Garden Diary - August 2021

If you have any comments, observations, or questions about what you read here, remember you can always Contact Me

All content included on this site such as text, graphics and images is protected by U.S and international copyright law.
The compilation of all content on this site is the exclusive property of the site copyright holder.


About Making Ink, A Forager's Guide to Natural Inkmaking
Saturday, 14 August 2021

I forage for delicious wild foods such as fiddleheads, elderberries, daylillies and more.
Wild dye stuffs such as pokeweed berries, black walnut hulls and bark, to dye yarn.

So when I received notice of Make Ink: A Forager's Guide with Jason Logan on August 14 & 21; 11 a.m. EDT, online, a New York Botanical Garden class on the making of ink from foraged material it caught my attention. From the foraging aspect, rather than the ink.

The class Zoomed in, and Jason Logan was ready for us, standing under his Toronto neighbor's black walnut tree. I'll share some highlights from the 3 pages of notes I took from today's class.

Ink is made up of two key parts: the pigment and the carrier. Plant or tannin inks are extracts from various plants. Most of what was discussed and demonstrated today was black walnut hulls with the color extracted in water. Other nuts, also acorns, make a good ink.

  • Chop the black walnut hulls
  • Cover with an equal quantity of water
  • Simmer in a stainless steel pot - copper or aluminum can react with the dye material
  • Boil over heat (I think Jason meant bring to boil then strong simmer?) for a few hours
  • Or use sun power and leave in the sun for several days. Query - is a glass jar better for this?
  • Use test strips of watercolor paper to determine intensity of color. When desired
    intensity is reached, filter through strainer or - better - funnel lined with coffee filter.

    Notes: Black walnut ink does not need a binder such as gum arabic but that will improve flow.
    Black walnut ink will grow mold. Sterilize bottles before adding ink and keep tightly capped.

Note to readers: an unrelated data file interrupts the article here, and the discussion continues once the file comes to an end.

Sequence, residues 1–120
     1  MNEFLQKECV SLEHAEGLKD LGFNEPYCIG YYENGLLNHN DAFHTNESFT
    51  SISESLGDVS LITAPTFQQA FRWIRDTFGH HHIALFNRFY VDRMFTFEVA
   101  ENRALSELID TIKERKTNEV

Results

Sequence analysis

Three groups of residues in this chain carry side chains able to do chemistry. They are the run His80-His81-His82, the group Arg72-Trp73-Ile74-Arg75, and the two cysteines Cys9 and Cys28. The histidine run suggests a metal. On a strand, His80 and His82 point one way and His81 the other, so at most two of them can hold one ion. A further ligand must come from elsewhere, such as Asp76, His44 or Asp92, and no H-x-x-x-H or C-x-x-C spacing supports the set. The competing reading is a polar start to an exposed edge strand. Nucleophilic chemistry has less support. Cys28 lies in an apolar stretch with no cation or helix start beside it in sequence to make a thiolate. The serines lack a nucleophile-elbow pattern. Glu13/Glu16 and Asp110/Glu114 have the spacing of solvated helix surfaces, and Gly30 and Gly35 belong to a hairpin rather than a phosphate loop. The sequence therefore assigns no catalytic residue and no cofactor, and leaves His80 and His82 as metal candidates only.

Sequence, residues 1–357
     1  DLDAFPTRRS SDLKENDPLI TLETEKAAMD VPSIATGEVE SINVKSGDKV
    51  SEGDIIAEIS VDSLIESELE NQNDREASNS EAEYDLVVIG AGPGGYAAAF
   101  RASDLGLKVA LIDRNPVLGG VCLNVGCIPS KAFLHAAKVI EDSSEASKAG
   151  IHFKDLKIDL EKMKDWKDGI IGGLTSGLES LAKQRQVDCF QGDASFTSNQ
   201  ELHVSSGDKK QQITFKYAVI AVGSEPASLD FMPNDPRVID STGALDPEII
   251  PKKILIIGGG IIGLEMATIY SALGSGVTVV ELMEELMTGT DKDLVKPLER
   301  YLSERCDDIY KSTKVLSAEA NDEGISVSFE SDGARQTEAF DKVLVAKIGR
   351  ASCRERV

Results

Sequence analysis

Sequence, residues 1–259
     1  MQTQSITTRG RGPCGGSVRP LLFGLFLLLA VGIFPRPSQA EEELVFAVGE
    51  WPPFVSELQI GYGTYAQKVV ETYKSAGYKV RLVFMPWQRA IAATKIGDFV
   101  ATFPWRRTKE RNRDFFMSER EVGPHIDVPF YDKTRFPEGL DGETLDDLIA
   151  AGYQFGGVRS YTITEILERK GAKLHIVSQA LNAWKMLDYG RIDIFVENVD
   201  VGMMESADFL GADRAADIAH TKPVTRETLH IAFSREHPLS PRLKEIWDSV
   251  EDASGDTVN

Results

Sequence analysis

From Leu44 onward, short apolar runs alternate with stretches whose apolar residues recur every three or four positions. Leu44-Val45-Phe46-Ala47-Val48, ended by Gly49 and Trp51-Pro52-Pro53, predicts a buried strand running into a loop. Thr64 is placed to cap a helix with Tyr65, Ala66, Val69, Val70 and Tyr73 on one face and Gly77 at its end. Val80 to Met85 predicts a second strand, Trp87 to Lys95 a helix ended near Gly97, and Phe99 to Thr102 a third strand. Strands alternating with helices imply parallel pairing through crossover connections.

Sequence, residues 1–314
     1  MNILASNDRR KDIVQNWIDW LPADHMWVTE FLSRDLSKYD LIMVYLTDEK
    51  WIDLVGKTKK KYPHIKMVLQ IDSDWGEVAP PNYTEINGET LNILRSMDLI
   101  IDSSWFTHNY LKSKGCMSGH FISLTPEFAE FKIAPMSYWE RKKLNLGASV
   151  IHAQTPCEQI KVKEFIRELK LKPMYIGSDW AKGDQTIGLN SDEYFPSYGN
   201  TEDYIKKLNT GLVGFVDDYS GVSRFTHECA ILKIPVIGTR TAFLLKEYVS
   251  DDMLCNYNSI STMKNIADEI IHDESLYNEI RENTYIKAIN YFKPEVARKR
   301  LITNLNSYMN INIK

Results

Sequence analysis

A whole clove dropped into the ink will deter mold. Jason prefers this to essential oil such as
    oil of thyme because oil and water do not mix well, even just a drop or two of essential oil.

    Soot or charcoal mixed with binders such as gum arabic. These soot inks stored as dry cakes.
    One classmate showed an Altoids tin in which she had put some twigs, closed tightly and
    then heated - I think on a barbecue grill. In the absence of air the twigs became charcoal.

    We have an assignment for the second class, on Saturday, 21 August. We are to Make Ink!
    Jason suggested various options ranging from produce in the kitchen or grocery store:
    red cabbage sliced up, boiled with salt and white vinegar (cleaning vinegar is stronger)
    spices such as turmeric, extract using alcohol (Everclear is O.K., we're not making cocktails)
    Or go out and forage in the garden or the wild:
    deeply colored flowers, copper (all copper pennies, wire, pipe), rusty nails, or black walnuts.


    Check online for the New York Botanical Garden's Adult Education department's wide range of topics from botanical art and illustration, floral design, horticulture, landscape design, and more. They range from one day personal enrichment classes to certificate level courses. Even topics you might not have thought of, such as making ink.

    Gratis registration for this class was provided by the New York Botanical Garden.

    Perfect timing! My review copy of Jason Logan's book,

    image courtesy of Abrams publishing
    Make Ink, A Forager's Guide to Natural Inkmaking
    was just delivered this afternoon!

    Back to Top

    Back to August

    Back to the main Diary Page